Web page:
There are multiple correct ways to architect a solution for allowing transformations. The first is based on the transformation happening behind the service interface. The service description can declare this is happening but should only do this if that information is necessary for the service consumer to know. Keep in mind that the Service Consumer cannot and should not see anything behind the service interface.

Example One – Good Practice:


The service consumer makes a call to the service and asks for a specific chunk of content in a specific format. In this case, it asks for FOO and specifies a parameter stating what format it wants foo in (HTML). The service takes the request, then retrieves a copy of FOO in xml format. Before passing it back to the service consumer, it calls an internal (and invisible to the service consumer) method to transform foo.xml into foo.html. It gets back the result then passes it back to the service consumer.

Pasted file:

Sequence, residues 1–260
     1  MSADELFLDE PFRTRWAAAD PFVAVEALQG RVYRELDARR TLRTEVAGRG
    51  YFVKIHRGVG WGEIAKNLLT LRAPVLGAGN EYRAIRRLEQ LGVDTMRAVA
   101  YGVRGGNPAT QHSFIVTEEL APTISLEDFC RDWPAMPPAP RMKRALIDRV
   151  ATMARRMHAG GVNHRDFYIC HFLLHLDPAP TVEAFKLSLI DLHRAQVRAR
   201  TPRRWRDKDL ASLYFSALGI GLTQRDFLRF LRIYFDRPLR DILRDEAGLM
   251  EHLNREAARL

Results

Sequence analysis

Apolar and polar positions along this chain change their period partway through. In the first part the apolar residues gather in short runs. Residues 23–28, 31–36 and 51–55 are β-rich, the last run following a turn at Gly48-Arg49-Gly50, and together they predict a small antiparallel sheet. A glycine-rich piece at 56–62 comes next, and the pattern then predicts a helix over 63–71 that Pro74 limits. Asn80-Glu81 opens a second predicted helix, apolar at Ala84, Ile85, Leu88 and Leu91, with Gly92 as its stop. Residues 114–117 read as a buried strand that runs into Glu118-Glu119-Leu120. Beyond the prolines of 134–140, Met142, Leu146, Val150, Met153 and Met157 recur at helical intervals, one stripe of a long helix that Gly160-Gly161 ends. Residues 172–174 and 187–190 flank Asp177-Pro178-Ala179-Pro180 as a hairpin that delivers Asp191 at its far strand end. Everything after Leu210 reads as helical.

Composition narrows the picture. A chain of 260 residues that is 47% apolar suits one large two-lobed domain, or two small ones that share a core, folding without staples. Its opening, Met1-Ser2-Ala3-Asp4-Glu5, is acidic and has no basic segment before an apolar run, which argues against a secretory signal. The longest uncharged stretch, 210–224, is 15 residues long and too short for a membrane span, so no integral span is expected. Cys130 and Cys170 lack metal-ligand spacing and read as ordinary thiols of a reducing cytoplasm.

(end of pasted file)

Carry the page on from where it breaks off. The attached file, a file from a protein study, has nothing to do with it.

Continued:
In this diagram, everything above the service consumer or below the service itself should be out of scope since there are no externally visible properties nor should assumptions be made about them. To introduce these dependencies would introduce unnecessary dependencies and assumptions and violate the core axioms of SOA.

Example Two – Good Practice

The second variation involves post–retrieval transformations and is also acceptable. Note that the patterns of interaction between service consumer and service provider are not broken.

In this case, the service is only capable of retrieving the FOO content in xml and passes the xml back to the service consumer. The service consumer subsequently transforms it to the HTML format.

In this scenario, the post retrieval use of the content is clearly out of scope for this particular SOA since it’s job is to facilitate the retrieval. There are an unlimited number of things that the user of the service consumer may do once it has retrieved the content. In Phase II, we MAY tackle a few of these however at present, all post retrieval uses should be out of scope until we have the core layer defined since there is a dependency on the base layer.